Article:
Color, 1978, 99m.
Directed by Cliff Roquemore
Starring Rudy Ray Moore, Jimmy Lynch, Leroy Daniels, Ernest Mayhand, Ebony Wright, Steve Wildman, G. Tito Shaw
Vinegar Syndrome (Blu-ray & DVD) (US R0 HD/NTSC) / WS (1.78:1) (16:9), Xenon (DVD) (US R0 NTSC)
After the one-two nutso punch of Dolemite and The Human Tornado, actor-writer-comedian Rudy Ray Moore switched gears by downplaying action scenes and sleaze in favor of a wild, surreal comedy that feels like an American tall tale gone utterly berserk. The result is the strongest and most accomplished of his classic quartet of '70s films, finally pitting him against a couple of terrific villains and veering the plot in wildly unexpected directions every five minutes or so.
Born as a full grown boy out in the boonies (under circumstances so bizarre they can't be explained here), little Petey is tormented by his friends but learns martial arts from a kindly old man as a means of revenge. When he grows up, Petey becomes - what else? - a stand up comedian who uses his kung fu prowess to keep order in the neighborhood. Unfortunately, his plans to open a new club conflicts with the money-grubbing interests of wicked rival comedians Leroy and Skillet (a real comedy team from the '70s), who rub out Petey and virtually all of his friends and family during a funeral. In Hell, Petey is greeted by Lucifer (Shaw), and the two strike a deal: Petey can return to life and use the powers of evil to seek revenge, in exchange for which he will marry the Devil's butt-ugly daughter. Thanks to the Devil's magical cane, Petey walks around turning no good husbands into little dogs, making fat women thin, and so on, while he comes up with a plan to get out of his unholy marriage plans. The scheme he comes up with will leave viewers speechless.
Though you get the usual low budget issues and awkward fight scenes here as the prior two Moore films, the approach somehow fits the story perfectly with the dime store demons and stylized lighting creating a weird cinematic experience unlike any other. It's still a comedy at the core, but there's some truly nasty violence including that aforemetioned massacre scene and the front lawn murder of a young boy. It's always a joy to see Moore's foul-mouthed stage routine, of course, but he also does a fine job of creating a character you can root for with his strongest storyline carrying everything through to the amusingly warped final shot. Leroy and Skillet are great from start to finish, but Shaw also has a lot of fun as a cheerful devil seen at one point bouncing around in a red tracksuit. Not to be overlooked is the fantastic soundtrack, featuring a high energy theme song by Nat Dove and other catchy numbers like "Ghetto St. U.S.A."
Xenon managed to keept his film in circulation more or less nonstop since the '80s, with VHS and DVD editions taken from a pretty mediocre open matte transfer that was at least in better shape than the two earlier Moore titles. Moore himself provides a commentary track on their DVD, which would normally make this a great collector's item. Unfortunately, this is one of the dullest and most useless commentaries ever recorded. Moore explains that the film is one of his favorites, then vanishes completely for 99% of the film. He occasionally pops in to offer a completely irrelevant comment or point out stock footage, only to vanish again into silence. A real disappointment. Extras include trailers for all of the Xenon Moore titles.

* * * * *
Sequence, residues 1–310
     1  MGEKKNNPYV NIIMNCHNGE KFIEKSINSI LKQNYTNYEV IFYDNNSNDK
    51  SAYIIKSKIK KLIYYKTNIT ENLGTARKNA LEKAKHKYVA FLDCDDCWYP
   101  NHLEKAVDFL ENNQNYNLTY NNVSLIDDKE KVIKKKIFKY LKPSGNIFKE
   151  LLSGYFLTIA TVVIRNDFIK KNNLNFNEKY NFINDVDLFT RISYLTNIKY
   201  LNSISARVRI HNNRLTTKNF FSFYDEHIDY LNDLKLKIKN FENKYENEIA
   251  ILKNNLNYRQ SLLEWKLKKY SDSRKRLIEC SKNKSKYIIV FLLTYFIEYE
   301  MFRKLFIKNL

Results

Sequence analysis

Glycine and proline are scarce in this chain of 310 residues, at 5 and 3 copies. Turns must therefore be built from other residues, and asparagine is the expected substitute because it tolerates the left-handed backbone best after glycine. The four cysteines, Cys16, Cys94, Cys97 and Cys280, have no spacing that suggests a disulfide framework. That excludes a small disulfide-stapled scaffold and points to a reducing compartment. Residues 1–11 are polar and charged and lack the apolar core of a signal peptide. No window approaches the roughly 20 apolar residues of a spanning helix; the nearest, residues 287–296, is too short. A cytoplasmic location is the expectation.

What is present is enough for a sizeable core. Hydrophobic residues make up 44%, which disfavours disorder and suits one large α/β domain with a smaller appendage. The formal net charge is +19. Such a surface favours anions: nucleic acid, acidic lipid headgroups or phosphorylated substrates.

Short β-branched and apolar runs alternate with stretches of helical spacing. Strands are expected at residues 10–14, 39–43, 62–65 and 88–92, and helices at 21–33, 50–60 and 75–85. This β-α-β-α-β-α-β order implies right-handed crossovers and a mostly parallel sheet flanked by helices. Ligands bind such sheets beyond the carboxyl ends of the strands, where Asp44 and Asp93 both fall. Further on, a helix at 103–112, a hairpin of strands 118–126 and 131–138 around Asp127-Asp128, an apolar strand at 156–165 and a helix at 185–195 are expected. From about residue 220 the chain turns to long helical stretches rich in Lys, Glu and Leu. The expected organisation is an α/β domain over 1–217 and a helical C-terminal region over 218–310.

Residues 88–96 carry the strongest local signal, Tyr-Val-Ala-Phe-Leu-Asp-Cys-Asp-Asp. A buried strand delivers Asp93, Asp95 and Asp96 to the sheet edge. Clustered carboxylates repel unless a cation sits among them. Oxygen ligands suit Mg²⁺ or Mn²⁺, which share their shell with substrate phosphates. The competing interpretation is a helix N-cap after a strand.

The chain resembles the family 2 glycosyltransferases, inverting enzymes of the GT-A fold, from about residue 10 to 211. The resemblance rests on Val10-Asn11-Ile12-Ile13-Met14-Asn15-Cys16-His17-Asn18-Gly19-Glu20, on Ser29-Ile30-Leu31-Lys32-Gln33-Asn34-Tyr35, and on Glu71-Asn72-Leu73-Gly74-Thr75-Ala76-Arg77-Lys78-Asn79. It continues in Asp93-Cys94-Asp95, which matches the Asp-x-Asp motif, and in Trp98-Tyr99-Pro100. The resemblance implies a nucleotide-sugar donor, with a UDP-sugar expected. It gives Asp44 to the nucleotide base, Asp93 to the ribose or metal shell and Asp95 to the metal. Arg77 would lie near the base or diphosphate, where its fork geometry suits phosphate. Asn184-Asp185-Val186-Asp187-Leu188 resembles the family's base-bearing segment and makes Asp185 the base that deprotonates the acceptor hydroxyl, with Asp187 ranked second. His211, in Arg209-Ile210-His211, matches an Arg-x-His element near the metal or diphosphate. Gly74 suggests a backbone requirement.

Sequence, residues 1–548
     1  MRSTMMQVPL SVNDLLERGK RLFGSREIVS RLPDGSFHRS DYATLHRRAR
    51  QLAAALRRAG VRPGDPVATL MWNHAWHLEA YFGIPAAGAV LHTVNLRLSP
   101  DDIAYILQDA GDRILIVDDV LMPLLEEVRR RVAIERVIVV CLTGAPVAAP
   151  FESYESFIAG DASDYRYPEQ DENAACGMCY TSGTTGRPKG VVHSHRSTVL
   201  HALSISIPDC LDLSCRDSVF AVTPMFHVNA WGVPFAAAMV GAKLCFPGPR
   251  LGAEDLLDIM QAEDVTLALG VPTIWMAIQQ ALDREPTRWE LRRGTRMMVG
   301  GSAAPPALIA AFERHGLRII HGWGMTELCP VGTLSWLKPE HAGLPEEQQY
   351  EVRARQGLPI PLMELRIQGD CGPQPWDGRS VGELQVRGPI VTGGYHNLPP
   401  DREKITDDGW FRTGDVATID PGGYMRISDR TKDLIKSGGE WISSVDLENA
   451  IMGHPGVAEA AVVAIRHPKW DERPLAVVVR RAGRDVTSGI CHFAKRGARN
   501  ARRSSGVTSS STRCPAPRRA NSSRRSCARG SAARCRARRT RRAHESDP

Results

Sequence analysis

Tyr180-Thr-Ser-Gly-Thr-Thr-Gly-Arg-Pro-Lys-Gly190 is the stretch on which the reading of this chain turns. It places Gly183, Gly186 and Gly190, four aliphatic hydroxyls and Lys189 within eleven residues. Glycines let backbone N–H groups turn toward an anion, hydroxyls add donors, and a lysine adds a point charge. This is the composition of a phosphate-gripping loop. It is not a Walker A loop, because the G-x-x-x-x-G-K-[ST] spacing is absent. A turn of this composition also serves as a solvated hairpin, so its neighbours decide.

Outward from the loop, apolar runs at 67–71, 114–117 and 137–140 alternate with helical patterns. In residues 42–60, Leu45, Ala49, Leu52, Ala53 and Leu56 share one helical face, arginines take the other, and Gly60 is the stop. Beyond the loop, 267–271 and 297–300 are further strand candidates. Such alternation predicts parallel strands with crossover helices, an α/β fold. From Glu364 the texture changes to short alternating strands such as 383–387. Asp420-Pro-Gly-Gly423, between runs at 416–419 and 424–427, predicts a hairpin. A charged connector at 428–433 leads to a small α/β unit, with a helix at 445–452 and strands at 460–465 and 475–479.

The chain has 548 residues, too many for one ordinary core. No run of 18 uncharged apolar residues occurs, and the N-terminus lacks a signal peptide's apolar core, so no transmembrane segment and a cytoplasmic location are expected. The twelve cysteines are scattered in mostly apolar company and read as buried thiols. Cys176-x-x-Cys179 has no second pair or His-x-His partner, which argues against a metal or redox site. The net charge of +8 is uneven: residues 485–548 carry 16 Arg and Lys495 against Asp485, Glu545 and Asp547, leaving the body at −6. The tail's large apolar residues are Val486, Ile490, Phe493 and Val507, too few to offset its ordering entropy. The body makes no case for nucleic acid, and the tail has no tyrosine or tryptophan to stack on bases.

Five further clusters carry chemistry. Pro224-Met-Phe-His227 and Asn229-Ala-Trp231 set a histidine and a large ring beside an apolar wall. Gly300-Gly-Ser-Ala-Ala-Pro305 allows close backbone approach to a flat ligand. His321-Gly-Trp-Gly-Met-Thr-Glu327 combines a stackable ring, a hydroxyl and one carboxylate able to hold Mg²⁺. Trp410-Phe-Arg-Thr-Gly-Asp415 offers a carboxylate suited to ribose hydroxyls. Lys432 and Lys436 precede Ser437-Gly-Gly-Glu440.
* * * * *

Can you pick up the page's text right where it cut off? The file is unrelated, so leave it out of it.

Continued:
Not surprisingly, that original commentary is discarded completely for Vinegar Syndrome's much-needed 2016 revisit, which ranks up there with the fine work done on their other Moore titles. The transfer is accurately framed and in perfect shape, apart from some anomalies baked into the negative like dirt in the opening titles and a couple of shots where one camera appeared to be shooting on damaged film. Some darker scenes obviously shot in insufficient lighting look rough and grainy, not surprisingly (especially the rooftop climax), but that's the nature of the source. The DTS-HD MA mono audio sounds immaculate, and the English SDH subtitles must have presented an unusual challenge to the poor transcribers. (You'll see the word "gibberish" a lot.) The region-free combo Blu-ray/DVD pack features identical extras on both discs, led by the third installment in the "I, Dolemite" documentary series about Moore's career. Running 18 minutes, it features interviews with the late Moore, biographer Mark Jason Murray, actor/set designer Jimmy Lynch, co-editor Jack Tucker, cinematographer Nicholas Von Sternberg, and writer-director Cliff Roquemore's two sons, and there's also a new commentary with Murray, Lynch, and a few inserted comments from Roquemore. Between the two you get a fun look at how the film came about (inspired by Moore's stage act derived from 1930s American blues singer Peetie Wheatstraw), the casting of baby Petey, a ghost lurking in one of the shooting locations, and other craziness from the set. An 8-minute “Shooting Locations Revisited” featurette has a barely audible Moore (in an awesome outfit) showing off where some of the film was shot, from an old apartment building to the P.O. Box that served as the production's official address. A gallery of press material, posters, and other material is also included along with a 34-minute presentation of the soundtrack and trailers for Dolemite, The Human Tornado, and The Disco Godfather.